I have always wanted to win city in something. I’d been close a couple times. I could remember playing for Feasel’s Insurance in the Waynedale Little League. We had gone 19 and 1, to win the league, but there was no tournament that I could remember. Then there were the Elmhurst High School football teams. We had put some wins on the board, but never had a run at being number one. There was the old Lantern team back in the softball days. We had some pretty good teams, but we had never won City. Yes, sports had been a lot of fun during my life, but I had to admit I was never any better than mediocre.

Now, at the age of 61, I was pretty sure that winning a city title in golf or bowling would be a stretch.

“No,” I finally said, “if we had won City in baseball, I would certainly remember it.” After all, winning City in anything had always been an elusive goal. And who could forget a whole summer of baseball. I had loved baseball more than any of the other sports.

Then Boyd pulled out an old Waynedaler newspaper photo. It was faded with age, and someone had written “Summer 1961” across the top. There was Boyd Tarney, right in the middle of the picture. Someone, probably his mother Hattie, had put an “x” on his picture and underlined his name. And just below Boyd, was me, Bob Stark, right in between Dennis Paul and Smitty. I was both shocked and bewildered.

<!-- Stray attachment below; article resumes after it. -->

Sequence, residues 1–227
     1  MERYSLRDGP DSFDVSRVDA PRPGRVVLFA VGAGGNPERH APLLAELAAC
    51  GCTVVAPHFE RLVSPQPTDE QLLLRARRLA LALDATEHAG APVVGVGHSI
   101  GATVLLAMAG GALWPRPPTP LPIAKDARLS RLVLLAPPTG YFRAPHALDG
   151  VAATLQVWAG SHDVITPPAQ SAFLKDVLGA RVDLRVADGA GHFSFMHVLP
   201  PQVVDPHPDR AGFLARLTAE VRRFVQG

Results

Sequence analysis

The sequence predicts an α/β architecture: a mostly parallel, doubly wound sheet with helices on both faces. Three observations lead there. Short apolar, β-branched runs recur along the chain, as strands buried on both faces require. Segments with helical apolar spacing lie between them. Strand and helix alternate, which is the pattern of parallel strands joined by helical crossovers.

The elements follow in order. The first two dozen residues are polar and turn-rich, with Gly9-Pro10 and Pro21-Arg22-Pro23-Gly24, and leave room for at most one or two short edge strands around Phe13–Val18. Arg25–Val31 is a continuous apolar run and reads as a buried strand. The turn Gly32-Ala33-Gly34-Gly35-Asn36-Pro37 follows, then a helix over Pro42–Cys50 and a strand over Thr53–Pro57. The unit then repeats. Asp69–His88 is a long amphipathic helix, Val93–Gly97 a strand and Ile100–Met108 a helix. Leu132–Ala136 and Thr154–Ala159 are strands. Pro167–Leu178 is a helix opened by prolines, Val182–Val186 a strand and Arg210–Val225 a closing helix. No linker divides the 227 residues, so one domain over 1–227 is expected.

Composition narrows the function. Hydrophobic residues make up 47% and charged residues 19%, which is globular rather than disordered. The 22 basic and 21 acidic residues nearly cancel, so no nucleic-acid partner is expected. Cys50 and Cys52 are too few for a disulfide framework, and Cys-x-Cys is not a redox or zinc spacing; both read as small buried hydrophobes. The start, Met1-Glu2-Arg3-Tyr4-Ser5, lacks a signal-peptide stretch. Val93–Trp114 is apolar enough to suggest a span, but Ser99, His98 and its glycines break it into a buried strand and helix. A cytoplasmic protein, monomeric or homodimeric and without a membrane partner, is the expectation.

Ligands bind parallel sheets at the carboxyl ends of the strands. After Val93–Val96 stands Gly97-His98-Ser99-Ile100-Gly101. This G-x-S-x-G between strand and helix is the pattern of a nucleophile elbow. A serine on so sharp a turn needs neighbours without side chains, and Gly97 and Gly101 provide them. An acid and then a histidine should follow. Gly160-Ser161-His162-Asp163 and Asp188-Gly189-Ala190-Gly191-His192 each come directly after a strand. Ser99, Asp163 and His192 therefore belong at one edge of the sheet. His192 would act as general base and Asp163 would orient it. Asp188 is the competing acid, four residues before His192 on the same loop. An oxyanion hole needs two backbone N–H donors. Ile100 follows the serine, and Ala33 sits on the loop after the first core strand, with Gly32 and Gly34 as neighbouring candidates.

I was just getting ready to go to a meeting, and Boyd was going to pick up his wife, so we didn’t have time to sit and talk but what a surprise, I finally had the city championship I had been looking for. I had had it along; it had just taken me 47 years to find it.

I still didn’t understand how a person could forget a whole summer? I know I am getting on in years and a little bit forgetful, but it is my short-term memory that is fading. My long-term memory has always been great. It was like having a hole in a story with no explanation. It was like reverse de’javu. Instead of being in a place where you think you’ve been before, I was seeing myself in a place that I could not remember being. I examined the picture one more time before leaving…it was real all right, no one could fake something like that.